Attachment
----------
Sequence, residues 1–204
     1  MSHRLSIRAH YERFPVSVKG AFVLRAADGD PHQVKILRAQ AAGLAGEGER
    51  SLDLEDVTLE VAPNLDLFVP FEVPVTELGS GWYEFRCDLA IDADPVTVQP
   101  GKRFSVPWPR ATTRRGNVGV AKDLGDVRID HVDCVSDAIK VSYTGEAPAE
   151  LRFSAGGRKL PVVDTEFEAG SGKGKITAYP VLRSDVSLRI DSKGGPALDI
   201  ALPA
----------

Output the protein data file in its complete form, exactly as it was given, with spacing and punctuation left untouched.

Sequence, residues 1–204
     1  MSHRLSIRAH YERFPVSVKG AFVLRAADGD PHQVKILRAQ AAGLAGEGER
    51  SLDLEDVTLE VAPNLDLFVP FEVPVTELGS GWYEFRCDLA IDADPVTVQP
   101  GKRFSVPWPR ATTRRGNVGV AKDLGDVRID HVDCVSDAIK VSYTGEAPAE
   151  LRFSAGGRKL PVVDTEFEAG SGKGKITAYP VLRSDVSLRI DSKGGPALDI
   201  ALPA